[Skip to Content]
[Skip to Content Landing]
Article
September 1960

METROPOLITAN DERMATOLOGICAL SOCIETY OF LOS ANGELES

Arch Dermatol. 1960;82(3):441-442. doi:10.1001/archderm.1960.01580030135031
Abstract

Stevens-Johnson Syndrome vs. Behcet's Disease, Abortive. Presented by Dr. Kurt Lindstrom.  Location—right medial eyelids. Duration—two weeks.Since 1948 this 39-year-old patient has had conjunctivitis of the right eye seven times, always beginning in February or March. Between 1948 and 1958 he had conjunctivitis (without skin involvement or ulceration) four times.About February, 1958, and again February, 1959, he developed conjunctivitis with painful corneal ulcers, along with vesicles and ulcers of the right eyelids, lasting about three months both times. The ophthalmologist who treated him in 1959 reports that he had a dendritic corneal ulcer, consistent with Stevens-Johnson's syndrome but not with herpes simplex. No iridocyclitis was noted at that time.On Feb. 5, 1960, patient's right eye again became injected and painful; he was seen by an ophthalmologist, who found a mild iridocyclitis, prescribed a corticosteroid by mouth (taken until Feb. 18), which vastly improved the bulbar involvement.However, on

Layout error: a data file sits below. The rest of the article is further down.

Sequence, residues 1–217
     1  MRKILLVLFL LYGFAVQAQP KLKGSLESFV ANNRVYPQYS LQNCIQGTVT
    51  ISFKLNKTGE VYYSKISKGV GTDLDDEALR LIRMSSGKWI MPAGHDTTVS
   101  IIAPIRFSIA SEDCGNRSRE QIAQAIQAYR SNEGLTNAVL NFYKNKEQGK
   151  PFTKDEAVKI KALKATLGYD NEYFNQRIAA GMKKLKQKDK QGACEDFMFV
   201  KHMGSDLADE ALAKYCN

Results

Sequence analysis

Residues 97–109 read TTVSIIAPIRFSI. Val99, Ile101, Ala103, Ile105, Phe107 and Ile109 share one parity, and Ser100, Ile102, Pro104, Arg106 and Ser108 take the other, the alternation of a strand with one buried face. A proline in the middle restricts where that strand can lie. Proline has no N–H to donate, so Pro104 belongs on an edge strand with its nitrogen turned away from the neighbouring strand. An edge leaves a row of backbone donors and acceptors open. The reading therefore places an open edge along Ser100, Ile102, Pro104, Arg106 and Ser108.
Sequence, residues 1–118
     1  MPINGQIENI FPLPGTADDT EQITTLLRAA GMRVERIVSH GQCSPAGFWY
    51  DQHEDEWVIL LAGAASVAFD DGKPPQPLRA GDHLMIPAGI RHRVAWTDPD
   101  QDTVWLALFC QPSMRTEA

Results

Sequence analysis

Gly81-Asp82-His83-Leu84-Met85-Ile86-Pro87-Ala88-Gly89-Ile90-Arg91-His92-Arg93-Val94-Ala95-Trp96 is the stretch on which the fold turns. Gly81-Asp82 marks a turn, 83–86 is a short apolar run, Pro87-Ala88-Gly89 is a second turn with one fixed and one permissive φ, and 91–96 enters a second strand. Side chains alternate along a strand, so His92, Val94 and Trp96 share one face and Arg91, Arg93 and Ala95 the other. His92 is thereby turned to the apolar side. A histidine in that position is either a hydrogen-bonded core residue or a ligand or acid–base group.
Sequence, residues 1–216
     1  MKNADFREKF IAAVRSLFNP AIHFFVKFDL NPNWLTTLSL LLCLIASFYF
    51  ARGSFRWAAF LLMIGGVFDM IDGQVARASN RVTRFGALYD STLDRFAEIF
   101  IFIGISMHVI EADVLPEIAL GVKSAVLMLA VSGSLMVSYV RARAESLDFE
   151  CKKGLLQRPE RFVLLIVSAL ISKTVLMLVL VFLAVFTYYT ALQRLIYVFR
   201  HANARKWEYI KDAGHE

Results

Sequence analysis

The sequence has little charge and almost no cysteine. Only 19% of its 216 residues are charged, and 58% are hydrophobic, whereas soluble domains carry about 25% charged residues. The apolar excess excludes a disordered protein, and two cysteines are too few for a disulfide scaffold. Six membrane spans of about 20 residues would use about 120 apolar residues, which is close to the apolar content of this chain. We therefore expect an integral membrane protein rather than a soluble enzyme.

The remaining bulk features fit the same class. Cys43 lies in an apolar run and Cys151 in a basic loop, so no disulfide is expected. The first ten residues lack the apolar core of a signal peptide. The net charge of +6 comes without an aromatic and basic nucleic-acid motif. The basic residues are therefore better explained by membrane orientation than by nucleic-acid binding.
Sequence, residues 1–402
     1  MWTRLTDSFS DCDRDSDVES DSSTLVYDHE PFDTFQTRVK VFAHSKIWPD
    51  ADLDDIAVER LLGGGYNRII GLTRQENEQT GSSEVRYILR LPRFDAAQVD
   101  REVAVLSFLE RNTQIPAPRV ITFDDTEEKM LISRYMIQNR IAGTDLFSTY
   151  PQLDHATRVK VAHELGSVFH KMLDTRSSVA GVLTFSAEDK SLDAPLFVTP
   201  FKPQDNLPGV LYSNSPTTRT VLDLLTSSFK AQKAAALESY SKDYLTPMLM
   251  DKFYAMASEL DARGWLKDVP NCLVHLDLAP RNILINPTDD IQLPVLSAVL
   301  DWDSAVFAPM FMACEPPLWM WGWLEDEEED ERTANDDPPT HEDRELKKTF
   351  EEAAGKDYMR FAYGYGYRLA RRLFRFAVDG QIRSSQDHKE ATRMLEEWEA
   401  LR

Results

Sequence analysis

First Page Preview View Large
First page PDF preview
First page PDF preview
×